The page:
brand communications (e.g., traditional advertising) towards many-to-many or peer-to-
peer communications. This shift in focus was matched by research that emphasized how
consumer identity emerges in acts of co-creation between a brand-owner and the
multiple ways whereby brand initiated communications are received and negotiated by
individual consumers who are capable of establishing a dialogic relationship with brand
initiated messages. “Consumer co-creation figures prominently in contemporary
marketing theory, where co-production has been offered as the cornerstone of a new
dominant logic for marketing (Vargo & Lusch, 2004)” (Fournier et al. 2008: 787). Co-
creation of meaning has also been defined as “the process in which consumers actively
appropriate, extend, and/or modify products in ways that differ from the predeﬁned or
prescribed form and/or use in order to create new symbolic structures and meanings that
have both personal and communal signiﬁcance” (Lanier and Schau 2007: 327).
The proposed research is not concerned with exploring either consumer benefits
or modes of consumer identity formation, both constituting heavily researched topics in
the branding and consumer research literatures, but with how a brandosphere
crystallizes and mutates from a purely (inter)textual point of view. In fact, textuality is an
aspect that has largely eschewed the attention of consumer researchers who have
concentrated on outcomes of co-creative activities, at the expense of sources of
formation of a collective identity in terms of the textual universe that makes up a
semiosphere and, concomitantly, a brandosphere.
From a cultural semiotic point of view, and this is a key point of differentiation
with regard to the consumer research vernacular, the focus is laid on mapping out the
textual sources that make up a cultural reserve and how these sources are transformed,
as above noted, in distinctive cultural spheres that make up a brandosphere. The ability
of managing dynamically these sources, at the intersection between a BOGTU and
UGA, as will be shown in this project, will essentially endow brand and advertising
planners with a conceptual toolbox and a concrete methodology for predicting which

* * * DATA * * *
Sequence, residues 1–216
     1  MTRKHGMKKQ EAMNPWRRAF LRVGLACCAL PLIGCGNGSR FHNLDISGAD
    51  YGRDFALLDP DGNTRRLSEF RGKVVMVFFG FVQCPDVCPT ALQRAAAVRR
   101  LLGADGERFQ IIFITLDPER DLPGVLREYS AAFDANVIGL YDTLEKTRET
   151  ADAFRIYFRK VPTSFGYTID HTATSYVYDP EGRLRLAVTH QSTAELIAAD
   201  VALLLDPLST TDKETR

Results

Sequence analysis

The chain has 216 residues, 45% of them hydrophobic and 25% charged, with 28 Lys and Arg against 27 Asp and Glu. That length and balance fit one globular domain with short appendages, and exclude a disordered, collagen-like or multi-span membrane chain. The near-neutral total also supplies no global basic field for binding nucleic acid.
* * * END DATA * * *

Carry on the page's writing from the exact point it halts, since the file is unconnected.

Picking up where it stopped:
aspects of a cultural/textual reserve are more likely to migrate from the periphery
towards the center of a brandosphere and hence of maintaining relevance of their
communications to their targets.
The general text concept used by cultural semiotics is suitable to be used by all
disciplines involved in the study of cultural phenomena. It is equally applicable to
the subject matter studied by philology, history, architecture, art history,
musicology, and the new media disciplines. Its utilization contributes to the
bridging of disciplinary boundaries and to the formation of a non-metaphorical
conceptual basis for research into the structure and function of sign complexes in
all media. (Posner 2004: 115)
“Lotman (1970: 64-77; 1981: 34-48) bases his approach on the broad concept of text
according to which every artifact with a function and a coded message can be regarded
as a text; he notes, however, that every culture selects from the set of these texts a
small subset which its members consider important for their cultural identity” (Posner
2004: 118). Lotman’s emphasis on the criteria for textual selection (and, furthermore, of
particular signs from distinctive texts) is most pertinent for a cultural branding model that
is intent on managing dynamically sources of a brand’s textual formation, as will be
shown in this research. “The function of a text is defined as its social role, its capacity to
serve certain demands of the community which creates the text. Thus, function is the
mutual relationship among the system, its realization, and the addresser-addressee of